Building springboards for the future

Tuesday, December 4, 2018
Student conducting bee research

Photo credit: Scott Ripley / UNH

When Andrew DeMeo ’18 came up with an idea for a business he suspected might really have legs — or wings, as the case may be — he knew just where to take it: the Peter T. Paul Entrepreneurship Center.

The heart of ideas, innovation and entrepreneurship at UNH, the ECenter was established in 2016 with a generous gift from Peter T. Paul ’67 as an independent, co-curricular, cross-college resource providing programs, mentorship and financial support to students who have business ideas they want to pursue outside of an academic context. Just two years into its existence, the ECenter has already been recognized internationally as an outstanding emerging entrepreneurship center and launched both its successful (and also donor-funded) i2 Passport Program to encourage undergraduate students to engage in a variety of innovation and entrepreneurship activities around the Durham campus and an Idea and Innovation Society for first-year students. It’s also helped dozens of students turn promising ideas they brought to or developed at UNH into viable business enterprises, many with revenue and investor interest.

Research and Innovation support

In DeMeo’s case, the idea was a CSA-style beekeeping operation that would allow Seacoast New Hamsphire-area customers to purchase shares in honeybee hives located on nearby farms in what amounted to an ecological win-win-win. DeMeo and his partner, Jessica Waters, would maintain the hives; customers would have their own raw, local honey without the responsibility of owning and caring for bees; and both the farms, which rely on honeybees to pollinate their crops, and the local bee populations would thrive. With support from ECenter executive director Ian Grant, DeMeo and Waters developed a business model for Half-Acre Beekeeping that took first place in UNH’s 2017 Social Venture Innovation Challenge (SVIC). They used the prize money they earned to launch their business earlier this year and sold out their hive shares almost immediately. Now, thanks to an ECenter connection to Planet Fitness CEO Chris Rondeau ’94, DeMeo has some ideas for franchising the enterprise.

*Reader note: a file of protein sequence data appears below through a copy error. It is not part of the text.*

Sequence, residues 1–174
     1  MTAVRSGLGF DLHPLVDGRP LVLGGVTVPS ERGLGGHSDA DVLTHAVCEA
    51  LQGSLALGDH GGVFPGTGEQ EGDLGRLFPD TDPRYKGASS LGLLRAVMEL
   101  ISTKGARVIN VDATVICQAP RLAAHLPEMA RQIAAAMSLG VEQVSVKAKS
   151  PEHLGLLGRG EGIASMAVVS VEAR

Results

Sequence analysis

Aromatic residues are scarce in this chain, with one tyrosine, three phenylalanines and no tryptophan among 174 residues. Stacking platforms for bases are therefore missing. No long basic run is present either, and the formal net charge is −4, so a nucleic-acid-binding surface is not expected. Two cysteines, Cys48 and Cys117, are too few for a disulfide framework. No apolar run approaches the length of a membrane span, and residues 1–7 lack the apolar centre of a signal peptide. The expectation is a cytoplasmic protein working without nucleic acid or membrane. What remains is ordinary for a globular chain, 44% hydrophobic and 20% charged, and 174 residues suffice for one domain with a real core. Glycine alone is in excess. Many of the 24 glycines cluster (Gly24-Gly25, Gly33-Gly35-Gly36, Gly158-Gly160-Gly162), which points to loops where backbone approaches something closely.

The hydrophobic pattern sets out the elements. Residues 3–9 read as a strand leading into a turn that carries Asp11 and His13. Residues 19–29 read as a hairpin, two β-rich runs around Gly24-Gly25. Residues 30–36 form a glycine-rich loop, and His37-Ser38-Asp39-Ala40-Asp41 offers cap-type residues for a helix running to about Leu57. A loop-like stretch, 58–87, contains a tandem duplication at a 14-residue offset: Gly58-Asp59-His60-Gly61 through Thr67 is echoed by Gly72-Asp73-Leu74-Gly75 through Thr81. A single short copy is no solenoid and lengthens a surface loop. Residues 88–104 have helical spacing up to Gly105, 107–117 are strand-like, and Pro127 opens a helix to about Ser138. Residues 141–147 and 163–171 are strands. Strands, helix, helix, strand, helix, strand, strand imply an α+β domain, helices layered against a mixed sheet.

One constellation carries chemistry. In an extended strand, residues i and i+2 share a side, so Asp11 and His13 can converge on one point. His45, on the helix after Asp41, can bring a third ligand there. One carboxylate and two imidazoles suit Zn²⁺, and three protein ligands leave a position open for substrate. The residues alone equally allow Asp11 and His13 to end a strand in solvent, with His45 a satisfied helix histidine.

“Andy’s story is typical to the extent that there is no typical story for the types of students we mentor and the types of ideas they bring,” says Grant, who notes that DeMeo graduated from the College of Life Sciences and Agriculture — proof positive that UNH’s undergraduate entrepreneurs hail from all corners of campus. And while ECenter-mentored projects have earned top honors in the last two cycles of both the SVIC and the Paul College Holloway Prize Competition,

Campaign research and innovation

Grant emphasizes that the end game is about much more than just winning. “The ECenter helps students become better problem-solvers and shows them that entrepreneurship is a career path. It’s not about a line-item on their resume; it’s about creating a springboard for their future that works in lock-step with the academics they receive from their colleges.”